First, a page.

97 El Salvador 147,466,100.00 2016
98 Mali 147,305,700.00 2014
99 Albania 147,130,000.00 2016
100 Moldova 135,670,000.00 2016
101 Rwanda 134,039,800.00 2016
102 Morocco 123,873,900.00 2016
103 Belarus 123,800,000.00 2016
104 Estonia 122,676,400.00 2016
105 Guyana 118,724,100.00 2015
106 Peru 116,593,600.00 2011
107 Sudan 112,042,600.00 2016
108 Tanzania 108,374,800.00 2016
109 Afghanistan 102,474,400.00 2016
110 Niger 101,229,000.00 2015
111 Georgia 100,492,400.00 2016
112 Mozambique 98,477,390.00 2016
113 Benin 98,142,620.00 2015
114 Togo 89,395,660.00 2015
115 Tajikistan 87,127,370.00 2016
116 Vietnam 76,000,000.00 2016
117 Cameroon 75,577,030.00 2015
118 New Caledonia 70,288,100.00 2014
119 Solomon Islands 69,187,220.00 2016
120 Congo 67,048,940.00 2014
121 Botswana 64,142,860.00 2016
122 Zambia 63,405,840.00 2016
123 Pakistan 63,000,000.00 2016
124 Seychelles 62,945,640.00 2016
125 Bosnia and Herzegovina 61,811,370.00 2016
126 Montenegro 61,228,030.00 2016
127 Algeria 58,970,230.00 2016
128 Venezuela 54,000,000.00 2016
129 Bhutan 52,526,250.00 2016
130 Barbados 46,366,000.00 2013
131 Colombia 45,526,210.00 2016
132 Belize 45,202,220.00 2016
133 Namibia 43,210,070.00 2016
134 Bangladesh 41,669,800.00 2016
135 Honduras 41,100,000.00 2016
136 Suriname 40,347,660.00 2016
137 Lao PDR 39,476,130.00 2016
138 Guinea-Bissau 38,406,680.00 2015
139 Madagascar 36,863,410.00 2016
140 Guinea 33,870,680.00 2016
141 Antigua and Barbuda 30,916,040.00 2016
142 Lesotho 30,760,980.00 2011
143 Ethiopia 29,869,540.00 2016
144 Dem. Rep. Congo 28,502,800.00 2016
145 Tunisia 27,420,430.00 2016
146 Central African Republic 27,377,290.00 1994
147 Guatemala 27,000,000.00 2016
148 Cabo Verde 26,226,580.00 2016
149 Dominica 25,200,340.00 2016
150 Macedonia 24,250,400.00 2016
151 Nepal 20,054,320.00 2016
152 Burundi 19,085,450.00 2016
153 Swaziland 18,849,750.00 2016
154 The Gambia 18,757,990.00 2016
155 Djibouti 18,456,000.00 2016
156 Kenya 17,907,890.00 2016
157 Palau 16,785,280.00 2015
158 Samoa 15,747,450.00 2015
159 Chad 15,421,340.00 1994
160 Zimbabwe 13,844,870.00 2016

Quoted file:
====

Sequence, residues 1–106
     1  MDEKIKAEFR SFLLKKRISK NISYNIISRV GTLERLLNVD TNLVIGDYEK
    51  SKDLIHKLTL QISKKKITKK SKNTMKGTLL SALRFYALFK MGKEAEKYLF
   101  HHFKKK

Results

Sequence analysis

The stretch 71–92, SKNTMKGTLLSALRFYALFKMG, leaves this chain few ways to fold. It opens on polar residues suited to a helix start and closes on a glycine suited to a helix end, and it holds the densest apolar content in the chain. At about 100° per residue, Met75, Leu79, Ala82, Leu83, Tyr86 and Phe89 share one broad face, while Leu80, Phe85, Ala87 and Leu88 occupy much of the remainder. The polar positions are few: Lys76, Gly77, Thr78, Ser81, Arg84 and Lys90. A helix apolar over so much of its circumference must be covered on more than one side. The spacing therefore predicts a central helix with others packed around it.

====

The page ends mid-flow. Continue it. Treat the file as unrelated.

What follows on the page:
161 Uruguay 9,137,851.00 2016
162 Fiji 9,093,674.00 2015
163 Mauritius 6,784,508.00 2016
164 Sierra Leone 6,763,602.00 2015
165 Tonga 5,382,940.00 2013
166 Turkmenistan 4,400,000.00 1997
167 Grenada 3,434,736.00 2016
168 Vanuatu 3,331,007.00 2015
169 Somalia 2,571,629.00 1983
170 Tuvalu 2,378,073.00 2013
171 St. Vincent and the Grenadines 2,370,076.00 2016
172 Nicaragua 1,600,000.00 2016
173 Eritrea 1,309,558.00 2000
174 St. Kitts and Nevis 1,171,108.00 2016
175 Kiribati 936,986.50 2016
176 Comoros 826,446.40 2012
177 São Tomé and Principe 575,612.70 2016
178 Equatorial Guinea 331,409.30 1994
179 St. Lucia 105,227.00 2016
180 Paraguay 100,000.00 1988
181 Malawi 0.00 2016

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Development Relevance: Movement of people, most often through migration, is a significant part of global integration. Migrants contribute to the economies of both their host country and their country of origin. Yet reliable statistics on migration are difficult to collect and are often incomplete, making international comparisons a challenge. In most developed countries, refugees are admitted for resettlement and are routinely included in population counts by censuses or population registers. Globally, the number of refugees at end 2010 was 10.55 million, including 597,300 people considered by the United Nations High Commissioner for Refugees (UNHCR) to be in a refugee-like situation; developing countries hosted 8.5 million refugees, or 80 percent of the global refugee population. Global migration patterns have become increasingly complex in modern times, involving not just refugees, but also millions of economic migrants. But refugees and migrants, even if they often travel in the same way, are fundamentally different, and for that reason are treated very differently under modern international law. Migrants, especially economic migrants, choose to move in order to improve the future prospects of themselves and their families. Refugees have to move if they are to save their lives or preserve their freedom. They have no protection from their own state - indeed it is often their own government that is threatening to persecute them. If other countries do not let them in, and do not help them once they are in, then they may be condemning them to death - or to an intolerable life in the shadows, without sustenance and without rights.